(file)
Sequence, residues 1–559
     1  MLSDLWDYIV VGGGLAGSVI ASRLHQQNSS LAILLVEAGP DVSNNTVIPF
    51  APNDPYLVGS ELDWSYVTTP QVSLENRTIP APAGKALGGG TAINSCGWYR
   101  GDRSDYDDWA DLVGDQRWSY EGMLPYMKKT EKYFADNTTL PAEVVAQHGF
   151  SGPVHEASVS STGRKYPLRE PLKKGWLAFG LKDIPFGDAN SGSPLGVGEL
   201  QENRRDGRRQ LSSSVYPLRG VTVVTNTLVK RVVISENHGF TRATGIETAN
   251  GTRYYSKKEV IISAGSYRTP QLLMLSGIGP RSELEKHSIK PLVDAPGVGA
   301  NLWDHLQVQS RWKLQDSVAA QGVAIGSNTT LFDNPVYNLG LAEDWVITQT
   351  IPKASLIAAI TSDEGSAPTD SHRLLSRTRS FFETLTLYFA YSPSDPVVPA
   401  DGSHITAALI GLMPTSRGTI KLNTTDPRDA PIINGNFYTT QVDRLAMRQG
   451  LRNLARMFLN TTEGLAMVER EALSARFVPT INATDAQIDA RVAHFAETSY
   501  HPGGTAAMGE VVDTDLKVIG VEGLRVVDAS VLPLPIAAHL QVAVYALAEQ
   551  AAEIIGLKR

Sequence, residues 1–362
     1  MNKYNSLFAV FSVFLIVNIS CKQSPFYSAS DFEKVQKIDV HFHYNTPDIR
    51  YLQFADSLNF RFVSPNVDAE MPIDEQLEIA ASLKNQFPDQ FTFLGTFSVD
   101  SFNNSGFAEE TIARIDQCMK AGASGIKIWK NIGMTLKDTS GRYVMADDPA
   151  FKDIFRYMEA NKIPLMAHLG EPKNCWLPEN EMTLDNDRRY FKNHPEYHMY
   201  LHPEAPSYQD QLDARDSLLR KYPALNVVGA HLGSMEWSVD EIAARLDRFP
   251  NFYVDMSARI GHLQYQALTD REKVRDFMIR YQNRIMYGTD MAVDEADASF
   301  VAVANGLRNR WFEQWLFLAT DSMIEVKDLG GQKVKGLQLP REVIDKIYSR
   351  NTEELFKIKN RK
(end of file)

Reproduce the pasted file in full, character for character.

Sequence, residues 1–559
     1  MLSDLWDYIV VGGGLAGSVI ASRLHQQNSS LAILLVEAGP DVSNNTVIPF
    51  APNDPYLVGS ELDWSYVTTP QVSLENRTIP APAGKALGGG TAINSCGWYR
   101  GDRSDYDDWA DLVGDQRWSY EGMLPYMKKT EKYFADNTTL PAEVVAQHGF
   151  SGPVHEASVS STGRKYPLRE PLKKGWLAFG LKDIPFGDAN SGSPLGVGEL
   201  QENRRDGRRQ LSSSVYPLRG VTVVTNTLVK RVVISENHGF TRATGIETAN
   251  GTRYYSKKEV IISAGSYRTP QLLMLSGIGP RSELEKHSIK PLVDAPGVGA
   301  NLWDHLQVQS RWKLQDSVAA QGVAIGSNTT LFDNPVYNLG LAEDWVITQT
   351  IPKASLIAAI TSDEGSAPTD SHRLLSRTRS FFETLTLYFA YSPSDPVVPA
   401  DGSHITAALI GLMPTSRGTI KLNTTDPRDA PIINGNFYTT QVDRLAMRQG
   451  LRNLARMFLN TTEGLAMVER EALSARFVPT INATDAQIDA RVAHFAETSY
   501  HPGGTAAMGE VVDTDLKVIG VEGLRVVDAS VLPLPIAAHL QVAVYALAEQ
   551  AAEIIGLKR

Sequence, residues 1–362
     1  MNKYNSLFAV FSVFLIVNIS CKQSPFYSAS DFEKVQKIDV HFHYNTPDIR
    51  YLQFADSLNF RFVSPNVDAE MPIDEQLEIA ASLKNQFPDQ FTFLGTFSVD
   101  SFNNSGFAEE TIARIDQCMK AGASGIKIWK NIGMTLKDTS GRYVMADDPA
   151  FKDIFRYMEA NKIPLMAHLG EPKNCWLPEN EMTLDNDRRY FKNHPEYHMY
   201  LHPEAPSYQD QLDARDSLLR KYPALNVVGA HLGSMEWSVD EIAARLDRFP
   251  NFYVDMSARI GHLQYQALTD REKVRDFMIR YQNRIMYGTD MAVDEADASF
   301  VAVANGLRNR WFEQWLFLAT DSMIEVKDLG GQKVKGLQLP REVIDKIYSR
   351  NTEELFKIKN RK